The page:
Finally I got the high-speed up and running at home last night – yippee – its good to be back in civilization! This is only 2 mb dsl line – a little slower than the 3.0 megs I had back in the US, but certainly much better than the dial up we were on for the last 2-3 days (and no internet connectivity before that from home)! Well, now you will have the pleasure of more of my meaningless babble – ah the festive season – rejoice *grin*.

[Listening to: Walkintothesun – Dirty Vegas – One (05:21)]

Farce amongst gravity

Lapdeep pointed this one my way. BBC has a very funny report on the Northern Alliance in Afghanistan and how they are coping with the fighting! Hope you enjoy it as much as I did. Before you start reading this story, if you have a serious laughter problem, then please stop!

[Listening to: Don’t Throw It Away! – Dirty Vegas – One (04:19)]

Tracking down managed memory leaks (how to find a GC leak)

At work, recently I attended an excellent presentation given by a colleague where we talked about Debugging in general (across both Managed and Unmanaged code), and what the various categories are, and various tools at ones disposal, etc. I thought this post from Rico on how to find GC leaks was quite timely for that topic.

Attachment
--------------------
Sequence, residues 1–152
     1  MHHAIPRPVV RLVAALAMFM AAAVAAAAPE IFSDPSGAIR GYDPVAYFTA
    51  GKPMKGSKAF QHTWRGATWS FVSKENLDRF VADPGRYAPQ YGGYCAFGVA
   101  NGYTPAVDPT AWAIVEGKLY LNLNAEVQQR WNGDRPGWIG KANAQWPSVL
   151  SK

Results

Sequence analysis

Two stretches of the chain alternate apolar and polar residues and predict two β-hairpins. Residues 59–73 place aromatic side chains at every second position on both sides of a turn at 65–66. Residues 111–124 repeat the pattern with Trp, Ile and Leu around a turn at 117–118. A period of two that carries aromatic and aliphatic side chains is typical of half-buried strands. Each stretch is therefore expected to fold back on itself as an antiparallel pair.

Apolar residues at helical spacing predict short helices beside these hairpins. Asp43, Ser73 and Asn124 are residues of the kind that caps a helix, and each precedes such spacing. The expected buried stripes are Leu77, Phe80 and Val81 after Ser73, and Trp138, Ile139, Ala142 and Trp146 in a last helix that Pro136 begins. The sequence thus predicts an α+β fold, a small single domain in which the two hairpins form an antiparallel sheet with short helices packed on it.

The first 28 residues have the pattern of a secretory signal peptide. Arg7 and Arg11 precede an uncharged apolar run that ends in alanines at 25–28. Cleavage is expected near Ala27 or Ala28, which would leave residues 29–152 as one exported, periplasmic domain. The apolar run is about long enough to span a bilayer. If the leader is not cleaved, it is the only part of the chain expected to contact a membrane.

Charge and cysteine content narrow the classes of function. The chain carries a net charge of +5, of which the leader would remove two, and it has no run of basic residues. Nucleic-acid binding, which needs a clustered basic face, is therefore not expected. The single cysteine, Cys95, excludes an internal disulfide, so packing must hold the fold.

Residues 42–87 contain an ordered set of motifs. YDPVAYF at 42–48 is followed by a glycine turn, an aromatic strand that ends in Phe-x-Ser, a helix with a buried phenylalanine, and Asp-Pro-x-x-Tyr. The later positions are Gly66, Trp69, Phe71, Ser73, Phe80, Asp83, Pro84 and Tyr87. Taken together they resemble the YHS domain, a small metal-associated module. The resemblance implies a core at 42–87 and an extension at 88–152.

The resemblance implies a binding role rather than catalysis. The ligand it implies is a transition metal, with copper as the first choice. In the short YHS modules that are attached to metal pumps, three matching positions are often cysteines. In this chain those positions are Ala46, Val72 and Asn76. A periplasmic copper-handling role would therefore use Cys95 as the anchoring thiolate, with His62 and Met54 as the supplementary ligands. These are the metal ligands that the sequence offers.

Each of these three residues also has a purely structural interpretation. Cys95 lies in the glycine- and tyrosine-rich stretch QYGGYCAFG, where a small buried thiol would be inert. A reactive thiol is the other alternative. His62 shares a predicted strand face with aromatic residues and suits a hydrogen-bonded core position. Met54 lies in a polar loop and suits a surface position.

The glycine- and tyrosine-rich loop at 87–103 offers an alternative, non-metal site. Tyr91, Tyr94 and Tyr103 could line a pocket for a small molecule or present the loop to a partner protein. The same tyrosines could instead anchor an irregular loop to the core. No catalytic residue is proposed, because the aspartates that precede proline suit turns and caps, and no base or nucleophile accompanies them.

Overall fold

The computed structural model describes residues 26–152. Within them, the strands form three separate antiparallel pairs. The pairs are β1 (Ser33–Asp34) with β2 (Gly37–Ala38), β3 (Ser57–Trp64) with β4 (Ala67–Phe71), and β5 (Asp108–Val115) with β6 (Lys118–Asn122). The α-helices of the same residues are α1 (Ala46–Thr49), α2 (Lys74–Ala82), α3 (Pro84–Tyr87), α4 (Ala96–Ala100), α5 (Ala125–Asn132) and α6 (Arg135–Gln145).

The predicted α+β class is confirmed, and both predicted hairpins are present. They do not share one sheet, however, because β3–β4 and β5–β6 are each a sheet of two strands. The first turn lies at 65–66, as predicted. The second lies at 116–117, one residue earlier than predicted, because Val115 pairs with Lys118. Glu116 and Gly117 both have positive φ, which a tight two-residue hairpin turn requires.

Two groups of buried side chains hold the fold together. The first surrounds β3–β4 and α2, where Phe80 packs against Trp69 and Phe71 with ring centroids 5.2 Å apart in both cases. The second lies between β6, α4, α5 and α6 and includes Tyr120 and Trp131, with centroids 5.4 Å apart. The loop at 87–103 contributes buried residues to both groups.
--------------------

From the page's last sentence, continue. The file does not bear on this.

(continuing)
[Listening to: City of Blinding Lights – U2 – How to Dismantle an Atomic Bomb [Bonus Track] (05:48)]


If you ever thought that PInvoke was a pain in .NET, don’t fret, Adam Nathan has a VS.NET addin that you can get from here after using which you wondered, how the heck did I live without this! He also has a PInvoke.NET wiki for you to use and of course contribute to.

If you rather get to it yourself, then there is an wsdl endpoint exposed and Stripe has written a version that is proxy friendly. If you happen to be a Delphi.NET (strange as that might be) kind of guy or gal, you can get the check out Shenoy’s implementation of this.

After installing the add-in you can right-click in the source code to see the following two menu items:


Clicking on the first item opens a dialog allowing you to enter the signature e.g.:

[Listening to: Home Again – Dirty Vegas – One (04:47)]

Microsoft's answer to Google Desktop